Sexual Harassment Legal Standards

December, 2017


Because of the brave acts of many women, it seems as if sexual harassment at the workplace is in the news on a daily basis.  Men of power, wealth and status in government, entertainment and the media have been removed from such positions by their employers based upon allegations of improper conduct.

But how do the courts evaluate claims of sexual harassment?  That is, if these cases made their way into a courtroom, how must a plaintiff prove sexual harassment?  What standards do courts use to determine meritorious cases of prohibited sexual harassment?

An employer violates both federal and state discrimination law on the basis of sex when it allows the working environment to become permeated with discriminatory intimidation, ridicule and insult that is sufficiently severe or pervasive to alter the conditions of the victim’s employment and create an abusive working environment.

An employee can prove the requisite severity by showing that a single incident was extraordinarily severe or that a series of incidents were sufficiently continuous to have altered the conditions of her working environment.

The sexually objectionable environment must be objectively and subjectively offensive, such that a reasonable person would find it hostile or abusive.

The U.S. Supreme Court has held that a work environment’s hostility should be assessed based on the “totality of the circumstances.”  Consideration is given to the frequency of the discriminatory conduct, its severity, whether it is physically threatening or humiliating or a mere offensive utterance and whether it unreasonably interferes with an employee’s work performance.

In some of the recently reported cases in the media, the victims had complained to top management and human resource personnel.  However, according to these news reports, such company officials took no action or dismissed such sexual harassment claims against their high profile male employees.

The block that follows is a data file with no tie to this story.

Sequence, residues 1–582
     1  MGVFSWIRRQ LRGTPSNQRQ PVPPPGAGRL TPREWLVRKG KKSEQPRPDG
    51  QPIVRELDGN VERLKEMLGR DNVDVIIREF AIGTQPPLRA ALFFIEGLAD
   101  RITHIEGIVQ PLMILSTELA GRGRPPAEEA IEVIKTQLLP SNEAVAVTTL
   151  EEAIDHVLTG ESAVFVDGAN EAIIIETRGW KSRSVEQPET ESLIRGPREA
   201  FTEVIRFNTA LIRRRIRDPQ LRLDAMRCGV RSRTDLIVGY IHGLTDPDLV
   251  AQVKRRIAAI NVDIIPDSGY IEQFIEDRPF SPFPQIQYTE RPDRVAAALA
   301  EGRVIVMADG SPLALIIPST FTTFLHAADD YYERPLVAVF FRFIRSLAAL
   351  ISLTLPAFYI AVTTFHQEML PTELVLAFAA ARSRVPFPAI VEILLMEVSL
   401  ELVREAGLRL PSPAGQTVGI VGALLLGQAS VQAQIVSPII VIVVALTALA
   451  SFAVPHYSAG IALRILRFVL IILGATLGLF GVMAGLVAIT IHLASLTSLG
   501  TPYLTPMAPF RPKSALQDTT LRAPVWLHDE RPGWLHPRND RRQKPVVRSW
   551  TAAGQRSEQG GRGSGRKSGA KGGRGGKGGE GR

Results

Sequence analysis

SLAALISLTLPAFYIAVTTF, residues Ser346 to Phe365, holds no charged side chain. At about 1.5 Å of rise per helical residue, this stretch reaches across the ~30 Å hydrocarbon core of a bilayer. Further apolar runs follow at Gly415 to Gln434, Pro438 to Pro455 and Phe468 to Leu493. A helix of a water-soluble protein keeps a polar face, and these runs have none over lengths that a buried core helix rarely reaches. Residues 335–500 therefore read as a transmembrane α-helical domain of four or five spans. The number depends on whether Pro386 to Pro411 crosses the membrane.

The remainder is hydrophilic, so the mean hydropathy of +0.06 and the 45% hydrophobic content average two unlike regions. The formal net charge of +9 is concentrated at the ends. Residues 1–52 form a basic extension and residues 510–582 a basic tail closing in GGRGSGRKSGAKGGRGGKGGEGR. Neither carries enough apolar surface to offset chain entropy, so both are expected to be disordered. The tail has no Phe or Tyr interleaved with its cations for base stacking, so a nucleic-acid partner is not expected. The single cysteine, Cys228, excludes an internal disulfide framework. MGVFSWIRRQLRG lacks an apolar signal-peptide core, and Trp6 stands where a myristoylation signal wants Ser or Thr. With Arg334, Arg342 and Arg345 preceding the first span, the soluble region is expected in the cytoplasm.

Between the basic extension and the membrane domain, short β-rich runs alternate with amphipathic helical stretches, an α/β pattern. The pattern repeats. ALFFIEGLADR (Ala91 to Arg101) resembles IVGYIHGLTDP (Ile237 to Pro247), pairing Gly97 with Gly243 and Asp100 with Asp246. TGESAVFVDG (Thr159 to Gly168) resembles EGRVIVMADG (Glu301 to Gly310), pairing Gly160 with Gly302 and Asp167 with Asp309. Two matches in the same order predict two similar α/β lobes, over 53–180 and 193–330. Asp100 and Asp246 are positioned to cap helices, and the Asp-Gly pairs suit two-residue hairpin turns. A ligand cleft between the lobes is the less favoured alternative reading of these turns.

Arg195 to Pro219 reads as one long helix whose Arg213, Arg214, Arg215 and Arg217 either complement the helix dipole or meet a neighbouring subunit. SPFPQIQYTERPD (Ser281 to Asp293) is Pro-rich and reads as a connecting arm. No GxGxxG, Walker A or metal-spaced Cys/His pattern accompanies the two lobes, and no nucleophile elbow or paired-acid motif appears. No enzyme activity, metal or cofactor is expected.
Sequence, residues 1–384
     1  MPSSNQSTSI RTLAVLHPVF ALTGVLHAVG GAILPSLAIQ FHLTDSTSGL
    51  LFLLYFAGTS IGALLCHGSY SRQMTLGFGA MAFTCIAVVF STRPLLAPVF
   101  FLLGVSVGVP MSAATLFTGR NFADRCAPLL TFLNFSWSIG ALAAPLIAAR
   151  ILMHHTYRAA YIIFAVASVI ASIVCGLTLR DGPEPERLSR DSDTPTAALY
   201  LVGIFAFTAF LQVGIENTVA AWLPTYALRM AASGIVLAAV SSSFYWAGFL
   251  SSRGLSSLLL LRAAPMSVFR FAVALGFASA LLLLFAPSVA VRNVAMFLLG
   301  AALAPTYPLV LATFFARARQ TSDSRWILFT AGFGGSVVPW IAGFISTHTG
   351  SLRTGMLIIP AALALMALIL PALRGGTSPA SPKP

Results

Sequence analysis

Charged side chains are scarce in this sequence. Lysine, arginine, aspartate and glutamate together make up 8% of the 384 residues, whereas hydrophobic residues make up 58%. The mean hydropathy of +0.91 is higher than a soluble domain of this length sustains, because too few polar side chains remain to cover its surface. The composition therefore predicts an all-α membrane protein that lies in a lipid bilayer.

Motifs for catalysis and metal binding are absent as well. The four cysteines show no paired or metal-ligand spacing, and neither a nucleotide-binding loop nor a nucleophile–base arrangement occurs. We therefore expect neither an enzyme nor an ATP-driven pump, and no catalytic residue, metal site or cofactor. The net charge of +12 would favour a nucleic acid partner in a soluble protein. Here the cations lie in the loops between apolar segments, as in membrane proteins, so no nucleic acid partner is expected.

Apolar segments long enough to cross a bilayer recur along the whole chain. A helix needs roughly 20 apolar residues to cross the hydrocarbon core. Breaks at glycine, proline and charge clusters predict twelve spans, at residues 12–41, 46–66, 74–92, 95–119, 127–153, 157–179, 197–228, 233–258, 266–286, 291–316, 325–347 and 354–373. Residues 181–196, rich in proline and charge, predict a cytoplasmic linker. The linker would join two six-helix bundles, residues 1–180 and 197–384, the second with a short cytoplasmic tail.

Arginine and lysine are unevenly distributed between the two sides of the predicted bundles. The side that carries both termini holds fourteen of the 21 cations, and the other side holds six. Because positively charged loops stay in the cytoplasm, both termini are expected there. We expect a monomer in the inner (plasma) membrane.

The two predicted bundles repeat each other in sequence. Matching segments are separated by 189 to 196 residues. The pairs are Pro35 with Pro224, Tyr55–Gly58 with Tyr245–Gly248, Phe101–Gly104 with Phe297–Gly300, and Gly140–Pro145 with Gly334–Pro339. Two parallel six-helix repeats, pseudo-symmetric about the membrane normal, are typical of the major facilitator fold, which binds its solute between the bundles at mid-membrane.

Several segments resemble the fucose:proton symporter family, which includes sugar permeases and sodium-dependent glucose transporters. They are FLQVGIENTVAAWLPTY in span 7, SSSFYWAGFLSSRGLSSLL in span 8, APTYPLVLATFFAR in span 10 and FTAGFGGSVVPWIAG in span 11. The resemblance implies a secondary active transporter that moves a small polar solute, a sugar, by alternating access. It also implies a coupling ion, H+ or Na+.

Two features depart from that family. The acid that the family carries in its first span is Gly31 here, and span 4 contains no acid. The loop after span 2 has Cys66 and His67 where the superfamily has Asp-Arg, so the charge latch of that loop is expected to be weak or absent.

The law states that to show that the sexual harassment can be imputed to the employer, an employee must show that her employer failed to provide a reasonable avenue for complaint or that it knew, or should have known, about the harassment yet failed to take appropriate remedial action.  Most employee handbooks provide for a procedure for complaint to company officials about workplace harassment, including sexual harassment.

However, whether the employer’s action was effectively remedial and prompt creates an issue for the jury to decide.

Also, for those employees who do complain about workplace sexual harassment and suffer adverse consequences, the law protects them in allowing them to maintain a retaliation claim in addition to a sexual harassment discrimination claim.  The legal standard for retaliation claims is much broader and more protective than for discrimination claims.  An employee need only show that the employer’s actions must be harmful to the point that they would dissuade another worker from making or supporting a charge of discrimination.

Whenever an employee suspects workplace harassment in any form, she should consult with an experienced and knowledgeable employment attorney.

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